Greece is sliding towards a dangerous path

The current state of democracy and human rights in Greece is alarming

Greece drew international media attention earlier this week, as police brutality protests in Athens turned violent and the Greek PM appeared in a televised statement calling for peace and unity. Images of an injured police officer filled the media, two days after the beating of an innocent citizen by police in the neighborhood of Nea Smyrni, a southern suburb of the capital. This story though is only the tip of the iceberg in a country where democracy and human rights are deeply traumatized.

On November 7, 2020, Greece entered into a nationwide lockdown that is still in effect due to the increased coronavirus cases. Regardless of the dire measures, the evolution of the pandemic is still worrisome as the tourist industry-based country desperately needs to be open by the summer. The ruling conservative party, New Democracy, blames common citizens, especially the youth with no evidence whatsoever, for not abiding with the measures, whereas the government has spent billions in defense and security and almost nothing for primary healthcare, tracking and monitoring cases, or massive testing. Again, this is only the tip of the iceberg in a country that is considered by The Economist as a “flawed democracy”.

The coronavirus pandemic is used as a pretext by the Greek government to crackdown on civil liberties and to justify excessive police violence. As an ultimate alibi for authoritative arbitrariness, it also reflects in the media outlets and the freedom of expression in the country where almost everything is government regulated. Linking the coronavirus pandemic with every ambiguous governmental decision is not only a Greek phenomenon of course. However, the way that the Greek situation is blatantly ignored is quite disturbing, let alone the fact that almost no one is even acknowledging the signs of a country sliding towards illiberalism.  

Police brutality

A longstanding issue regarding Greek police is the impunity among its ranks, especially when reluctance and bias reign on incidents of police brutality. Since Kyriakos Mitsotakis took power in summer 2019, police special forces were heavily strengthened with unskilled officers and equipment, in what his conservative party sees as enforcing a strict “law and order” doctrine. A surge though on police brutality cases was visible way before the coronavirus pandemic. In November 2019, a journalist was injured when riot police attacked bystanders indiscriminately during riots in Athens. A month later, the film director Dimitris Indares and his family suffered in their own apartment handcuffed when police stormed the place without following any legal procedure.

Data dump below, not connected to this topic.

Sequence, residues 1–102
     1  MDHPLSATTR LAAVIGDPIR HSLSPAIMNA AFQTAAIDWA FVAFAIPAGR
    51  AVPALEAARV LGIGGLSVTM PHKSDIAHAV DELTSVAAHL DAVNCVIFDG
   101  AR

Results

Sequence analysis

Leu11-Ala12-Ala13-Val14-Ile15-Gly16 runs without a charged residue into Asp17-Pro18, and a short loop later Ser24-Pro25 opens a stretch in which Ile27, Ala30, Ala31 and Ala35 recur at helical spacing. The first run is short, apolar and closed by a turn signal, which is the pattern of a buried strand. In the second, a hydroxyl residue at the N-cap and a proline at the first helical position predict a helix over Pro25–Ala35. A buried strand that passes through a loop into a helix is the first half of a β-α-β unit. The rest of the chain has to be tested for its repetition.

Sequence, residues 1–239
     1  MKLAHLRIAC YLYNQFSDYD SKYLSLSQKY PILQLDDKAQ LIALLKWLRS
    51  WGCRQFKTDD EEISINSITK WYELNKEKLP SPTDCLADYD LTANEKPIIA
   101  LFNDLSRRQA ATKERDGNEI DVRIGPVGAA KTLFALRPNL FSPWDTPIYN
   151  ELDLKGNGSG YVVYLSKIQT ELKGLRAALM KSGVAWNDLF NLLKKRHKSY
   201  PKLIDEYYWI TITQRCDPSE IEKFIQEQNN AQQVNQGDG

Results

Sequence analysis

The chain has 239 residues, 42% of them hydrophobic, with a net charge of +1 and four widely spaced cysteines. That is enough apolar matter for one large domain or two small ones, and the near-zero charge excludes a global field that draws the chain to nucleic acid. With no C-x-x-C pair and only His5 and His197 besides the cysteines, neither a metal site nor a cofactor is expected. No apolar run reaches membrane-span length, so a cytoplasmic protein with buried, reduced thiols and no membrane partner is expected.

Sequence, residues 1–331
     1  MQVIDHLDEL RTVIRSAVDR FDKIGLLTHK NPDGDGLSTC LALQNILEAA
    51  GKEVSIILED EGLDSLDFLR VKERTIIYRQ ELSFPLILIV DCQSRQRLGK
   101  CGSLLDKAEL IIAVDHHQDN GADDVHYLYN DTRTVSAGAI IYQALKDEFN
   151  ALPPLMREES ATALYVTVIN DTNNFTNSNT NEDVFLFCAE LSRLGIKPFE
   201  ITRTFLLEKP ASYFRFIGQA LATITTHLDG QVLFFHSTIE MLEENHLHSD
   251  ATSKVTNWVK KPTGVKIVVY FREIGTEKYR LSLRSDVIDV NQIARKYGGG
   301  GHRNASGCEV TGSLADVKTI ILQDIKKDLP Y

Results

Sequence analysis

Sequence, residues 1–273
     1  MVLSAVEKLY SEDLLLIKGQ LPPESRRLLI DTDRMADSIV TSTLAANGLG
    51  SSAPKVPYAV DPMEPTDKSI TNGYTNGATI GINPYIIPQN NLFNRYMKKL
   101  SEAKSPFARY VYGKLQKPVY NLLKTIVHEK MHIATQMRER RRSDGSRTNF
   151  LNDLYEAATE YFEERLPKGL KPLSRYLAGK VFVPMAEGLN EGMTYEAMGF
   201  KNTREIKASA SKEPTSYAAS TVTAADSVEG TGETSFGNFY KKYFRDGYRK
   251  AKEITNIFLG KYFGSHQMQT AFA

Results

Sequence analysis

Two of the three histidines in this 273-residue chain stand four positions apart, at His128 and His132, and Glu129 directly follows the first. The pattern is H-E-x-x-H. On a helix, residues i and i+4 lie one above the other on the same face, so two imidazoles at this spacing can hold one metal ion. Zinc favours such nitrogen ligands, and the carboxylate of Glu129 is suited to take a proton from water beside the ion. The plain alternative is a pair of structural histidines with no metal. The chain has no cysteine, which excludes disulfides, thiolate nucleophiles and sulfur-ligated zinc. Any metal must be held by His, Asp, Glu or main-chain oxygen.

But the coronavirus pandemic acted as a multiplier of such events. In May 2020, after the end of the first coronavirus curfew, police attacked young adults in parks for “spreading the virus through crowding”, when no lockdown measures were in effect. Two months later, in a peaceful anti-racist protest, stand-up comedian Alexandros Titkov was savagely beaten and got charged for crimes he never committed. During the demonstration outside Athens’ Court of Appeal that convicted the neo-nazi criminal organization, Golden Dawn, in October 2020, riot police attacked the large crowd after the announcement of the decision. There were also reports that some policemen were bearing neo-nazi symbols. Ιt is widely known that the Greek neo-nazi party enjoyed significant support inside the police. Greek minister of Citizen Protection, Michalis Chrisochoidis, openly lied about the incident, claiming that 150 petrol bombs were fired towards police after the announcement when footage suggests otherwise.

The second lockdown in November 2020, brought a series of incidents, all in the name of measures against the pandemic. A policeman in Karditsa violently arrested a 15-year old girl sitting in the local park, left-wing activists were arrested for handing out leaflets (!) in Thessaloniki, and a whole family was terrorized outside their apartment in Sepolia neighborhood, Athens (the father had a stroke after the incident). Later, in December, special police units trying to suppress protesters threw a flash bomb inside an apartment in Exarchia neighborhood, Athens. In February 2021, riot police attacked random bystanders during anti-government protests and later the same month they sprayed chemicals on an arrested man, dragging him throughout the incident.